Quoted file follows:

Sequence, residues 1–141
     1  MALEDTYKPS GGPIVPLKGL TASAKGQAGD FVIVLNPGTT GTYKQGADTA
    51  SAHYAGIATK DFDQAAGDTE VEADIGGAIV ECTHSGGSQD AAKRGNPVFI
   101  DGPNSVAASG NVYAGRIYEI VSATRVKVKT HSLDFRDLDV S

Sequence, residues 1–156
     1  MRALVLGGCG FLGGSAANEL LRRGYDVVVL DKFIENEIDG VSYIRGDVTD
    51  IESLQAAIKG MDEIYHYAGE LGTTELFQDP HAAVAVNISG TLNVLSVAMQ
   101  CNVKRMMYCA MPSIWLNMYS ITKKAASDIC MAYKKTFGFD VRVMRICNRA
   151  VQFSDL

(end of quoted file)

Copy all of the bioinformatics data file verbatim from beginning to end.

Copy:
Sequence, residues 1–141
     1  MALEDTYKPS GGPIVPLKGL TASAKGQAGD FVIVLNPGTT GTYKQGADTA
    51  SAHYAGIATK DFDQAAGDTE VEADIGGAIV ECTHSGGSQD AAKRGNPVFI
   101  DGPNSVAASG NVYAGRIYEI VSATRVKVKT HSLDFRDLDV S

Sequence, residues 1–156
     1  MRALVLGGCG FLGGSAANEL LRRGYDVVVL DKFIENEIDG VSYIRGDVTD
    51  IESLQAAIKG MDEIYHYAGE LGTTELFQDP HAAVAVNISG TLNVLSVAMQ
   101  CNVKRMMYCA MPSIWLNMYS ITKKAASDIC MAYKKTFGFD VRVMRICNRA
   151  VQFSDL